A fail-safe mechanism for DNA repair
Single-molecule fluorescent measurements provide fresh insights into a process for keeping errors out of our genomes.
A sequence of events that allows the successful resolution of Holliday junctions at the single-molecule level has been revealed by Samir Hamdan and colleagues at KAUST. The ability to observe the events in real time has enabled the team to learn more about this important mechanism.
Holliday junctions are cross-shaped DNA structures that form when two double-stranded DNA molecules separate into four strands to exchange segments of genetic information. This exchange is essential for correcting errors in DNA introduced during mitotic or meiotic cell division as well as errors caused by environmental mutagens, such as ionizing radiation.
"Holliday junctions are central intermediates in processes rectifying any damage that may affect the integrity and transfer of genetic material to the offspring," say Mohamed Sobhy and Amer Bralić, the first authors of the study.
Proteins that introduce symmetrically related nicks in strands located across from the Holliday junction restore the integrity of the DNA and allow the recombined strands to separate. Several mechanisms have been shown to mediate this process, known as Holliday junction resolution, and safeguard the completion of DNA repair. Genetic mutations that affect Holliday junction resolution are associated with a predisposition for cancer and genomic instability, which results in higher than normal rates of mutations.
Gap endonuclease I (GEN1) is a cytosolic protein that can bind to Holliday junctions upon breakdown of the nuclear envelope during cell division. Previous studies have shown that GEN1 forms dimers to cleave Holliday junctions, but the exact mechanism by which it ensures the full resolution of Holliday junctions remained unclear.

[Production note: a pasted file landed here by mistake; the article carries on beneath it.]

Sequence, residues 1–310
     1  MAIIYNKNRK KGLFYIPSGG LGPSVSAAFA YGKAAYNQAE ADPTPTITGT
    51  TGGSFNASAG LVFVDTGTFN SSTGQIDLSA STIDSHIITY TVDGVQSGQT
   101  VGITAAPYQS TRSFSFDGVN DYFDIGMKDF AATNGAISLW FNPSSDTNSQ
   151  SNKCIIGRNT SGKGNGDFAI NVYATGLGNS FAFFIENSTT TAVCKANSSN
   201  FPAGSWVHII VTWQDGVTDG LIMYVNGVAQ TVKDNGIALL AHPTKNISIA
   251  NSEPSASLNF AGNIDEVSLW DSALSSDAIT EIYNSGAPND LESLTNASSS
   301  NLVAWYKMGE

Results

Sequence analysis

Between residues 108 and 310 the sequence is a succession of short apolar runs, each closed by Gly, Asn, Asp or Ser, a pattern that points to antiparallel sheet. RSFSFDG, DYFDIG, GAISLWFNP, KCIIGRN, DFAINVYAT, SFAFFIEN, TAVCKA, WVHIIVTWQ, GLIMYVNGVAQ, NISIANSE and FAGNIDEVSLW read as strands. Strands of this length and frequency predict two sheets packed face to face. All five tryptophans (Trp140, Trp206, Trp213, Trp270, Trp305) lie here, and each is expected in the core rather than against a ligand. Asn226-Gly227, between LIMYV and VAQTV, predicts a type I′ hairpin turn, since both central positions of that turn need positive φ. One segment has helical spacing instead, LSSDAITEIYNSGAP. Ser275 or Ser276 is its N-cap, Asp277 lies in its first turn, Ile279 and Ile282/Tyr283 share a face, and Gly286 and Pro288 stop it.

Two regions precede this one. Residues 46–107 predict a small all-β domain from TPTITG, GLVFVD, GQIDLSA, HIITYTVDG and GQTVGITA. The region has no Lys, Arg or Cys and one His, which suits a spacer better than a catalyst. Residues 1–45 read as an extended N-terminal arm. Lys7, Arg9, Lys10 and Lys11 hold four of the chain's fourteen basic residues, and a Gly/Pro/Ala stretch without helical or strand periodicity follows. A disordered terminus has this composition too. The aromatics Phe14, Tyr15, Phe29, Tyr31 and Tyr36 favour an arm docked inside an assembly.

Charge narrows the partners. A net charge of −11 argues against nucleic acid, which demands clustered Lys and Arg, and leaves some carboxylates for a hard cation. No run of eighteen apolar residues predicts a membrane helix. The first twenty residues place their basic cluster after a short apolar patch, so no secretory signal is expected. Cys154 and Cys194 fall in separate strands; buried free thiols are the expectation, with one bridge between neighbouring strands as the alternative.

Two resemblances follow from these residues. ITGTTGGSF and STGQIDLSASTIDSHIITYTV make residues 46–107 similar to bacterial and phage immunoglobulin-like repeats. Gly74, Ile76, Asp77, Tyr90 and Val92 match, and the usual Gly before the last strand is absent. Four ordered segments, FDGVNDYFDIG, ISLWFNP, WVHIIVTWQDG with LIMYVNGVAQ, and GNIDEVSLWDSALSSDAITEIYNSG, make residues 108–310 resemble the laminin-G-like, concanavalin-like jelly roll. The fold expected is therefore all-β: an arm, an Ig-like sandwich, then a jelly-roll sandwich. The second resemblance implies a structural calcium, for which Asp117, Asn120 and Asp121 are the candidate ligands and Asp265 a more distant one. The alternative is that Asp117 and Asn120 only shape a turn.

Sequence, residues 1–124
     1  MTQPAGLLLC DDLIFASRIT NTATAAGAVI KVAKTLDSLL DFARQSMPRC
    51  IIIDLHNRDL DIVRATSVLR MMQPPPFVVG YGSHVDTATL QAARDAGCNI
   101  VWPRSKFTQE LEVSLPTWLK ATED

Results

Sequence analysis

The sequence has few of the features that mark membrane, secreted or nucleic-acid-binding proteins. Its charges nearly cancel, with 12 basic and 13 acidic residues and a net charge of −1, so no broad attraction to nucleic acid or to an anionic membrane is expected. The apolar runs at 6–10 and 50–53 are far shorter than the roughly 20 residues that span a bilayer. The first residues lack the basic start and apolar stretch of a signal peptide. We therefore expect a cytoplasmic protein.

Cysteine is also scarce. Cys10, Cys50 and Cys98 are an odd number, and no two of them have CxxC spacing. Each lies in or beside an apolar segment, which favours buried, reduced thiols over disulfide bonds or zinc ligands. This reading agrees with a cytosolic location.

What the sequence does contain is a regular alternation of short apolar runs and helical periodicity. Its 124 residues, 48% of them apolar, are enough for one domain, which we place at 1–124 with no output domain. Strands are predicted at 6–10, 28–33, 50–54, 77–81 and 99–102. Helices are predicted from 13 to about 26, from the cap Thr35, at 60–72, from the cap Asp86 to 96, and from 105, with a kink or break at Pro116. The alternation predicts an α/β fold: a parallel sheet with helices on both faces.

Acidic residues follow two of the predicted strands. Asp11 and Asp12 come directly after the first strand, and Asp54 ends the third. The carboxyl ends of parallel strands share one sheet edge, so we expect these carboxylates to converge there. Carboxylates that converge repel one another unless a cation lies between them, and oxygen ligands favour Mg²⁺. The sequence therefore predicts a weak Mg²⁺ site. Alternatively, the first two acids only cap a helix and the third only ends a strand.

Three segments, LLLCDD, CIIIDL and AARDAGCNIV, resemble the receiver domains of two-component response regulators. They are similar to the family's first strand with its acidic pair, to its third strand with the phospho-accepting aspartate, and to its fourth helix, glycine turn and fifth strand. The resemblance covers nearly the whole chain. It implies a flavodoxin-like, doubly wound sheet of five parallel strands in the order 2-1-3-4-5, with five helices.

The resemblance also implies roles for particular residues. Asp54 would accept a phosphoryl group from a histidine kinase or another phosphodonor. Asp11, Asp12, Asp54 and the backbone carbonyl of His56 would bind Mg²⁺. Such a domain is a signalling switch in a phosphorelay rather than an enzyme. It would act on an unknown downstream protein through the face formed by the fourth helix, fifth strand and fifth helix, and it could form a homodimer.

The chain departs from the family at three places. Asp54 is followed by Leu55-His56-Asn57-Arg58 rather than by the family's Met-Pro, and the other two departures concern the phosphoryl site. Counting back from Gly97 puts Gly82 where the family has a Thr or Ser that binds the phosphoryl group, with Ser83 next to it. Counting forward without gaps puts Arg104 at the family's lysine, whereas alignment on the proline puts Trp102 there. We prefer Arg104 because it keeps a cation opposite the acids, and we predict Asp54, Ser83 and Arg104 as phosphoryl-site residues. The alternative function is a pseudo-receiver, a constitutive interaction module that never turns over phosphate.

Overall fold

Using single-molecule fluorescence resonance energy transfer (smFRET), the authors were able to visualize the interaction of human GEN1 with Holliday junctions in real time. "We saw, for the first time, that the GEN1 monomer distorts the structure of Holliday junctions and remains tightly bound until a GEN1 dimer is formed," explains Sobhy. Only when the GEN1 dimer has formed, does the cleavage of the Holliday junction take place.
The study also showed that the GEN1 monomer binds to partially resolved (singly cleaved) Holliday junctions with forty times stronger affinity than to intact ones. This is biologically relevant as, according to Bralić, "it suggests that the function of the GEN1 monomer is to safe-guard both intact and partially resolved Holliday Junctions until they are fully resolved just prior to the end of the cell cycle."
Further research into the mechanisms through which GEN1 cleaves not only Holliday junctions but also other DNA structures may reveal a broader role for GEN1 in preserving the integrity of the genome and affording cancer protection.